traumatic destruction -- I start. Then some kind of rebuilding. That
destruction is also we creation and . We decided to call the exhibition
Invisible Wounds. The work on display features art made join
therapy sessions, specially created pieces by our guys.
Artwork that we brought back from America. And a series by Steve
This is a hell of a piece of work. It looks really good with the light
What does the piece symbolise? That's how a lot of us feel a lot
of the time. The distance, I wanted to bring in from us into reality
and and how we feel smaller than everyone else and insignificant. I
was a bit apprehensive about how it was going to turn out. It does look
good. Is that a smile from you? little bit, yeah.
I feel something has been achieved tonight. So if people look at this,
what do you want them to take away from it? If you are willing to
allow others to help you then even though it seems that there is no
future for you at the time, life can transform.
This is by a chap called Bones. is superb. The rest of the guys
have worked superb. You can be sur surrounded by millions of people,
but you can still be alone. That's what this painting is about.
It is every bit as valid an injury as a visible wound
It is a fine piece of work this. Thank you.
Are you proud of it? I feel I'm giving part of me away, if you know
what I mean. I'm giving part of my secret. This is what the people
don't see. This is a representation of the brain. I'm pleased to have
done it and I'm pleased it is here. There are exhibitions that contend
with so much meaning. It caught the imagination of everybody who has
been here. There has been artists here and people from the MoD here.
It as been awe inspiring. It has been a shock, but a really positive
coming together of people and works. This is a piece which has come out
of an art therapy session. That's right.
You have taken the content and turned it into a fine piece of work.
It has taken a long time to do this one. The more I looked at the
drawings and the more I looked at it as the painting was was
developing, it started to bring me down a bit. I finished the picture
and I'm happy with it. I'm only doing it because someone else might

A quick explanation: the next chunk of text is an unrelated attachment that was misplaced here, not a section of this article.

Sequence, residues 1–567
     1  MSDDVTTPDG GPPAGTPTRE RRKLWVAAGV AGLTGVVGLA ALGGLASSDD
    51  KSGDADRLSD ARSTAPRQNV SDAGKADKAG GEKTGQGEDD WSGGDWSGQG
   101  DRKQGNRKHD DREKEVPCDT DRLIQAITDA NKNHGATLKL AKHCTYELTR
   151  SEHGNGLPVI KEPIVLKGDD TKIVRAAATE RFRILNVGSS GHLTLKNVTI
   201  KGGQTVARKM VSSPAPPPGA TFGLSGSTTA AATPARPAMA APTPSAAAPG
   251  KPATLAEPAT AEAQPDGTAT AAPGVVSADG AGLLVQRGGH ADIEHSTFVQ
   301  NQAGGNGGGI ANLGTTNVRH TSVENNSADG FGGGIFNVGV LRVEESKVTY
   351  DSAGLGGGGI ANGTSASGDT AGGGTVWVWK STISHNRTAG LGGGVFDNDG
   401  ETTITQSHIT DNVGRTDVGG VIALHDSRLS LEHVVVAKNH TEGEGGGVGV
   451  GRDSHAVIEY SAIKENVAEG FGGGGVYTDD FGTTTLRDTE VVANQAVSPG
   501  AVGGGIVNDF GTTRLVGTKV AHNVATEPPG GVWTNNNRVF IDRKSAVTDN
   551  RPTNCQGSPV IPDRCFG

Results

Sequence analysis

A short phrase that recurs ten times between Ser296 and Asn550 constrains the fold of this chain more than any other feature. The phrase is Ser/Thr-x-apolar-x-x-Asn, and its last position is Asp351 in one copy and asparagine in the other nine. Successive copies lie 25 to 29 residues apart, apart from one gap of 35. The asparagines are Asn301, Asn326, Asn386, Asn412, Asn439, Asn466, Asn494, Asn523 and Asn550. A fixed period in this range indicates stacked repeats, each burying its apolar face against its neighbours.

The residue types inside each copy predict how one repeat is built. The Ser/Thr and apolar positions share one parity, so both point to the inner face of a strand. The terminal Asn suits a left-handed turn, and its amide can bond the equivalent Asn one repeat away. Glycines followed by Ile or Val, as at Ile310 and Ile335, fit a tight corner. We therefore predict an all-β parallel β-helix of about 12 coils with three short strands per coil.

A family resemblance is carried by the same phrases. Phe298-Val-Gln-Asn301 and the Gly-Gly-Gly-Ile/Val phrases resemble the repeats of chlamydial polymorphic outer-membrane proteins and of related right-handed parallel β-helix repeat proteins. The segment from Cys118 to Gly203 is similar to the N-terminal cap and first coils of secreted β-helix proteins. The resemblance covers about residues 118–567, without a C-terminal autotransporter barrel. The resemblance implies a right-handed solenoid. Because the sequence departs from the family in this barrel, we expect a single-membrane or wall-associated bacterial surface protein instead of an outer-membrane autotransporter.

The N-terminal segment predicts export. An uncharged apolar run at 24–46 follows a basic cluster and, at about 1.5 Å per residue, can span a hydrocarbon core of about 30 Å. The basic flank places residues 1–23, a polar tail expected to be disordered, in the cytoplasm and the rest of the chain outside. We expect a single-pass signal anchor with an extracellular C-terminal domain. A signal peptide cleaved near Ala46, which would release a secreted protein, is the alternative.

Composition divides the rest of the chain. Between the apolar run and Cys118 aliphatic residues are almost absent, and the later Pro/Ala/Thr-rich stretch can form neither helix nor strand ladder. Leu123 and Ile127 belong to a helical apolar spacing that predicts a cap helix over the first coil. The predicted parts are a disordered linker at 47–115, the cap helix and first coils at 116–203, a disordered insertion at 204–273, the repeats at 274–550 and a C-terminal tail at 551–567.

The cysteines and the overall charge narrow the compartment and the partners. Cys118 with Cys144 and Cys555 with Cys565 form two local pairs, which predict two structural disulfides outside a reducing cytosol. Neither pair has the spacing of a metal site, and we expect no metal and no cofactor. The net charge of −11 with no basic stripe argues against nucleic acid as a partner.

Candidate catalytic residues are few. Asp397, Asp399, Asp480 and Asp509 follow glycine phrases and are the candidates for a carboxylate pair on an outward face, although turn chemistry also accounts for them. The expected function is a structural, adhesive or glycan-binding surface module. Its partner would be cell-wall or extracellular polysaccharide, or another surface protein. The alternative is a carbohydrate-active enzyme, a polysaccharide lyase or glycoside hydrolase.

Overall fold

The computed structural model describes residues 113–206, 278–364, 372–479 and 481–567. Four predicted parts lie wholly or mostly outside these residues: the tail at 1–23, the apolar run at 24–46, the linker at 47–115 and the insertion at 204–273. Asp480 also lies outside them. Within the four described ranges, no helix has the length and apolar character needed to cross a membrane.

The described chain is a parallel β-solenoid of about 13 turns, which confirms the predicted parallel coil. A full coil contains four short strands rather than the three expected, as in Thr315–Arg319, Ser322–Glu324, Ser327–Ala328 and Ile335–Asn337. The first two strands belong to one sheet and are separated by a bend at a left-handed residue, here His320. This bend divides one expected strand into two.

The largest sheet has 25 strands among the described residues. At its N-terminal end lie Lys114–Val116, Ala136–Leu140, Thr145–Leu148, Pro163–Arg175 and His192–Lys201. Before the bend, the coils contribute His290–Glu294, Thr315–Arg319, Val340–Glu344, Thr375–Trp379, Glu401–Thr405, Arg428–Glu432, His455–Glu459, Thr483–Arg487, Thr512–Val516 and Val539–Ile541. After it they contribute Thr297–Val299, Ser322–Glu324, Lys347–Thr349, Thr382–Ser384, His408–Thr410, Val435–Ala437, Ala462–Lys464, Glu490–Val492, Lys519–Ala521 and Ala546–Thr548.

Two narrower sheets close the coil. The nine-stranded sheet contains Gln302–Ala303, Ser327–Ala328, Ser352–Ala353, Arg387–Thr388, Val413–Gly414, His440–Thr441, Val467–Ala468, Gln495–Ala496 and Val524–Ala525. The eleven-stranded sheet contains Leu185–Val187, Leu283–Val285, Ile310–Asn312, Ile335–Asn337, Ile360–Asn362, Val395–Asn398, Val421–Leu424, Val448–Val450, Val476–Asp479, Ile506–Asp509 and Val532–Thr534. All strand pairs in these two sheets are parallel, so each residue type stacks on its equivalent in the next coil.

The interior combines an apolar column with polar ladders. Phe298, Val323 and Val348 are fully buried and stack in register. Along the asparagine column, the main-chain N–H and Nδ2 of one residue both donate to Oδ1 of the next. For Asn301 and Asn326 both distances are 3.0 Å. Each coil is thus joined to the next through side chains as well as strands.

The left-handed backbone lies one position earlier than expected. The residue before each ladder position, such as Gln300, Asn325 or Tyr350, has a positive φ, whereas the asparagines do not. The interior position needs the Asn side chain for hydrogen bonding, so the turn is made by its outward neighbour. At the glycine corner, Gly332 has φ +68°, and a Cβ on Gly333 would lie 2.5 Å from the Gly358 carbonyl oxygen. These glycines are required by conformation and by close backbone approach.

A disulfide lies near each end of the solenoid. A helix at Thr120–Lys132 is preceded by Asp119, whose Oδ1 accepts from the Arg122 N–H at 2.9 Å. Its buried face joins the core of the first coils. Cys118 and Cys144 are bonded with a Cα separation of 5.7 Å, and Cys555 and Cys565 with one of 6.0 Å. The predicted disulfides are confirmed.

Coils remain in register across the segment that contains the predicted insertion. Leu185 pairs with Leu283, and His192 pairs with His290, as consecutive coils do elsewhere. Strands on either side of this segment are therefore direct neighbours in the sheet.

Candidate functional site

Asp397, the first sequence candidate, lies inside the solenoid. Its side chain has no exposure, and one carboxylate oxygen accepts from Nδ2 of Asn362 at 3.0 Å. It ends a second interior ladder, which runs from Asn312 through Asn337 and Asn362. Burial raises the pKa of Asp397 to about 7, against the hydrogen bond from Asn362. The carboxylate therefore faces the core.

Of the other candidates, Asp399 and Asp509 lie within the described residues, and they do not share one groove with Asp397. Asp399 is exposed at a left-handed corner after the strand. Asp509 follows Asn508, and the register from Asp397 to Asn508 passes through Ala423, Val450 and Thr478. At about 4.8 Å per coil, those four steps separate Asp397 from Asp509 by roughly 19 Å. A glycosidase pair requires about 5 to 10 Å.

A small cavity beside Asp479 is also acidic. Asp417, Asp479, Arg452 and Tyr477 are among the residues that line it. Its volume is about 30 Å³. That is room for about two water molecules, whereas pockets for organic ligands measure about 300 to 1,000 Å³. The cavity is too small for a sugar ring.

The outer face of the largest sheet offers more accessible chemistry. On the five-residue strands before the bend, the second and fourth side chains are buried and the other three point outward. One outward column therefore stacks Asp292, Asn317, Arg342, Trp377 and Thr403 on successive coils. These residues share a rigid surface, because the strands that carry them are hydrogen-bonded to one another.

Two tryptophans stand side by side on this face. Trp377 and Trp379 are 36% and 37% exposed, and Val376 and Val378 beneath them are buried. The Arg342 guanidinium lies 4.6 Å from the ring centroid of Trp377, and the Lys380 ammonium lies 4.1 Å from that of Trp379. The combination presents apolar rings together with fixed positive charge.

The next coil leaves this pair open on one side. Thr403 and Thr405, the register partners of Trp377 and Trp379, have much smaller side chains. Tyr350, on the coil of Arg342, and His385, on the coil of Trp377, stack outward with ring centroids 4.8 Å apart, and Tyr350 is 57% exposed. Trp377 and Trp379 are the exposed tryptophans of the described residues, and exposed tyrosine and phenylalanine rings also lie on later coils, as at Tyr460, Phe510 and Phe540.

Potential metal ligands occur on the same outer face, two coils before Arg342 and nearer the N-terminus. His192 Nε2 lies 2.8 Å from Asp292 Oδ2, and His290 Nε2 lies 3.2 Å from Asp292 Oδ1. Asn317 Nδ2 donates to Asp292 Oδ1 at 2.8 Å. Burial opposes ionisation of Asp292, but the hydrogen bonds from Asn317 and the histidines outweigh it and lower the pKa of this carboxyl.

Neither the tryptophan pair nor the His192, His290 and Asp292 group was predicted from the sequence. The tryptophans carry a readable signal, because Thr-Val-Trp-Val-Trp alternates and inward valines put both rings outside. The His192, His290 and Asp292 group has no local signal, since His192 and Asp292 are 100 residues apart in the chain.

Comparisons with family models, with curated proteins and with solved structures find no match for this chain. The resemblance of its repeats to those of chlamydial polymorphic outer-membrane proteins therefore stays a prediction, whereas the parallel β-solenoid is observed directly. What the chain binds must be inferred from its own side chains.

get some help from it and think, "I tried art therapy.". Everyone,
thank you very much for coming. It is an excellent turnout. A
fantastic turnout. Thank you once again really to the guys who have
put this exhibition together. Incredible, powerful, emotional,
bloody good pieces of work which I hope you're proud of.
What's the overarching thing that you want somebody who has not
served and comes in and sees this? Just because they see see someone
and it looks hunky-dory, this is what is going on underneath their
skin. This is horrific. It brought Combat Stress into the public eye.
Job done. You have done yourselves proud. You
have done everyone proud and you have sent a strong, positive
message. So if if we can give a I guess I found the veterans aren't
both shocking, but inspirational to know the individual journeys of
people who have all given so much for the country and hope that their
paintings means that some of the people coming back from Iraq and
Afghanistan don't go through five, ten, 15, 20 years before getting
help and go through what some of these guys have been through
An examination of the role of art therapy in the rehabilitation of ex-servicemen suffering from post-traumatic stress disorder.
Tim Samuels meets veterans of recent British conflicts in the Falklands, the Persian Gulf and Northern Ireland, who reveal their personal battle with PTSD as a result of their military career. They are now using an unlikely weapon to help fight the psychological wounds of war - art.
Visiting art therapy sessions, Samuels discovers how drawing, sculpting and painting are helping the veterans manage the symptoms of PTSD. Dr Lukas Konopka, a professor of neurology in Chicago, has investigated the effects of art therapy on the brain in the treatment of PTSD. The results provide strong evidence of art's potential to heal.